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I?m always looking for creative inspiration. I have files of brochures, handouts from conferences, name badges, and an entire Evernote file just for creative ideas I capture?sometimes in the most obscure places. I can?t go to another church?s services and not take out my iPhone to snap some pictures.

As creatives, we constantly have to fill ourselves up with inspiration and new ideas so we can pour them out as we brainstorm the next sermon series or ministry promotion. Some of my favorites are Red Bull?s superhero cans, the Lego bridge, the time Target took over The New Yorker, and Milk?s new campaign after leaving ?Got Milk??. But when asked what was the most creative thing I?ve ever seen, the answer was easy.

The campaigns and ideas I listed are great. The fact that someone saw a bridge not as cement and steel but, tapping into their childhood, saw Legos?that puts a smile on my face. The fact that Target can take over an iconic magazine and brand it simply by the color and style used?genius. Leaving a successful campaign like ?Got Milk?? for something completely new?brave. These things are all creative but after coming on staff and moving from a creative to a pastor of creatives, I?m seeing creativity a little bit differently.

When I arrived at Victory, my goal was simple. I was going to do with Victory what I had done for 10 years with Holy Cow Creative and raise the creative output bar. I was going to create better creative work.

It?s a big church and a big task. But God had something bigger in mind, and that brings me to the most creative thing I?ve ever seen.

I?ve worked with some great churches, but there?s a difference between working as a consultant and being on staff?especially a staff like Victory?s.

Before coming on staff, I was the ?expert? when I visited a church. At Victory, it?s some of the best staff around. You have people like Mr. ?This is How We Do It?, Montell Jordan, the world?s greatest youth pastor, Jeanne Mayo, and the list goes on and on. You have Charlie Pike creating art with lighting, Cameron King making magic with video, Nathan Williams orchestrating production, Chad Price bringing emotion through design?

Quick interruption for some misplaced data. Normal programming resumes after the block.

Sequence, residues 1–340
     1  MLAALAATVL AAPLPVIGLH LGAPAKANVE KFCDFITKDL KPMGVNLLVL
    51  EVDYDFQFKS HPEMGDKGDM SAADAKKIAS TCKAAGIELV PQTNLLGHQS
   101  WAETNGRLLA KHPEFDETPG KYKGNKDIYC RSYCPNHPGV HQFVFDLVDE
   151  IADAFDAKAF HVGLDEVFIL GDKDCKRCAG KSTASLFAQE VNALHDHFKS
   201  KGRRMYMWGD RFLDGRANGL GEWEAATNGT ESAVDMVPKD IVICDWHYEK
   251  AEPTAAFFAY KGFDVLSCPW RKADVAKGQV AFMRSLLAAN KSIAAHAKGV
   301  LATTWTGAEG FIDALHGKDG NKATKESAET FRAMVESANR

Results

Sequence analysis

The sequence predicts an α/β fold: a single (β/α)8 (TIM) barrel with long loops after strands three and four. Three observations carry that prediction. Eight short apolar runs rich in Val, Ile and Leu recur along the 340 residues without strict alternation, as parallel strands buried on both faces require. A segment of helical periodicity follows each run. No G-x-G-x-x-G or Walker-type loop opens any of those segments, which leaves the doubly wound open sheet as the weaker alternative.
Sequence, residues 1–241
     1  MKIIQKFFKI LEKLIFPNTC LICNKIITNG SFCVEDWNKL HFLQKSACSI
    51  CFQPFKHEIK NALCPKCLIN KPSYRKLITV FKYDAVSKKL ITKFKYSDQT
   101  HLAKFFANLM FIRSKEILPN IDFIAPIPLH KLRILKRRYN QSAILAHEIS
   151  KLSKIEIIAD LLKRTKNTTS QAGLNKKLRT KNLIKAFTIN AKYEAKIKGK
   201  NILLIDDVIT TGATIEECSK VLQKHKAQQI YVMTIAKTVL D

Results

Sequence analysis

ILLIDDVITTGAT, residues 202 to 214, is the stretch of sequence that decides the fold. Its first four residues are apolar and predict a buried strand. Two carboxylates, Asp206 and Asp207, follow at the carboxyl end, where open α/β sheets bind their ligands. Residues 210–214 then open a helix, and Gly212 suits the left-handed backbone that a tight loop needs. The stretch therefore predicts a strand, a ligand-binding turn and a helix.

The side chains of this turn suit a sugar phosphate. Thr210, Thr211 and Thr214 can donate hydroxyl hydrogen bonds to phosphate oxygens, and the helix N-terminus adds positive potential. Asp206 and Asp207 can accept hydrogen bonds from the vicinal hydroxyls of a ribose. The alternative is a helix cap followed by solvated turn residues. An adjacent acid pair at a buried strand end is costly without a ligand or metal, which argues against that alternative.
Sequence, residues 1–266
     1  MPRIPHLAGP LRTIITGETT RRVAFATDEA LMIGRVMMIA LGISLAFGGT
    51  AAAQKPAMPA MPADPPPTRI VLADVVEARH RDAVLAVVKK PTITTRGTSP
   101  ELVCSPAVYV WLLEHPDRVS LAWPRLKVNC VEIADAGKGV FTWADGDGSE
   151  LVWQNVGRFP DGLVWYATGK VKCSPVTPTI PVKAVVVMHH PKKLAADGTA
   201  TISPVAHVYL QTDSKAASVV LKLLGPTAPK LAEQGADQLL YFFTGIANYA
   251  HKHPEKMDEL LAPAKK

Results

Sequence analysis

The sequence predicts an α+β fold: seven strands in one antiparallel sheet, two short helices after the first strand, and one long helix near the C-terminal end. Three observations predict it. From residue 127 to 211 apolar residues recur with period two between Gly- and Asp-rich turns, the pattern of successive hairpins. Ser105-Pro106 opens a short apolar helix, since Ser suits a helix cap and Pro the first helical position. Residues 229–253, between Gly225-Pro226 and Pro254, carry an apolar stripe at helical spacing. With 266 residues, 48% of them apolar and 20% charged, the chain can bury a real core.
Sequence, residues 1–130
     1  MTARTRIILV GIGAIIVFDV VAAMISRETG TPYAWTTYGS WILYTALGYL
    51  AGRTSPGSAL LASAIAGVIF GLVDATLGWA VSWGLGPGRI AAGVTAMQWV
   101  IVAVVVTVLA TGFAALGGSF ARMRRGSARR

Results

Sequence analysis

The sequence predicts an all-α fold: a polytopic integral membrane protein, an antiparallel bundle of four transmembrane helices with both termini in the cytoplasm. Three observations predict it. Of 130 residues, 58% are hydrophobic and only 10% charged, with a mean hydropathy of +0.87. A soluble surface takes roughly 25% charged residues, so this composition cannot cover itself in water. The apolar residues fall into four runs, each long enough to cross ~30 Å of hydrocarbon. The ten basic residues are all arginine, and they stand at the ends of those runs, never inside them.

I wasn?t the expert anymore. I was surrounded by experts.

So when our 25th anniversary was put on the calendar and I was given the charge to lead the effort to celebrate all that God had done through our church, it would have been easy to let all these experts go off and do their thing. But we chose something better?the most creative thing I?ve ever seen: collaboration.

It?s easy for us all to stay in our own lanes. Each one of our experts can take care of music, video, design, lighting, and piece it all together. That gets the job done and would be a good celebration, but this was 25 years. This was more than a performance. Even before the anniversary service in the Gwinnett Arena, we celebrated by linking our creative spirits together. The result was music and video and lighting and design and sound all coming together to create an amazing dance of creativity. Most importantly, it caused the creativity to take second place to the story we were telling.

Here?s how it went down:

The lights go dark. A video of children scampering off to play hide and seek begins to play. On the search for her siblings, one of the children discovers an old TV?complete with a VCR?in the attic. The worship team makes their way to the stage and harmoniously accompanies the story as it unfolds on screen, and one can feel the excitement and anticipation building throughout the arena. As the service continues, Kim Walker-Smith takes the stage. Our worship team later joins her while a video captures our members, who represent 140 nations, worshipping together during our weekend services. The music crescendos, the lights gleam and a flag processional fills the arena. Pastor Dennis Rouse then takes the stage to share his gratitude for what God has done to reconcile cultures, while also sharing the vision for the future. Crystal Nicole and surprise guest, Lecrae, perform the final set of the celebration?everyone on their feet praising God for what he?s done through Victory for 25 years.

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The most creative thing I?ve ever seen wasn?t about the creative; it was about the people who put down their boundaries to create something together. Working together created something bigger than we could have created on our own.

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